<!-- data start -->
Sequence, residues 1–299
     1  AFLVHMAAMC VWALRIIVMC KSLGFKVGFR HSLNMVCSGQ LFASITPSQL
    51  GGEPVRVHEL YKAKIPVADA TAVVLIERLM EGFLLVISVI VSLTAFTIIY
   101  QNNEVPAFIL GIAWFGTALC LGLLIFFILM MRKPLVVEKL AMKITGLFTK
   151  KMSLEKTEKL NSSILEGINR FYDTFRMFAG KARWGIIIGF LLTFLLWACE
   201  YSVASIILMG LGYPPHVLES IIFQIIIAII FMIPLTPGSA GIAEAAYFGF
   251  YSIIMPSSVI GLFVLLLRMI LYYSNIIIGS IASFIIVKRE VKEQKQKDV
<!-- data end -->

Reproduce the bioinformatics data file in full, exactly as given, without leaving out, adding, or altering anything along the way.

Sequence, residues 1–299
     1  AFLVHMAAMC VWALRIIVMC KSLGFKVGFR HSLNMVCSGQ LFASITPSQL
    51  GGEPVRVHEL YKAKIPVADA TAVVLIERLM EGFLLVISVI VSLTAFTIIY
   101  QNNEVPAFIL GIAWFGTALC LGLLIFFILM MRKPLVVEKL AMKITGLFTK
   151  KMSLEKTEKL NSSILEGINR FYDTFRMFAG KARWGIIIGF LLTFLLWACE
   201  YSVASIILMG LGYPPHVLES IIFQIIIAII FMIPLTPGSA GIAEAAYFGF
   251  YSIIMPSSVI GLFVLLLRMI LYYSNIIIGS IASFIIVKRE VKEQKQKDV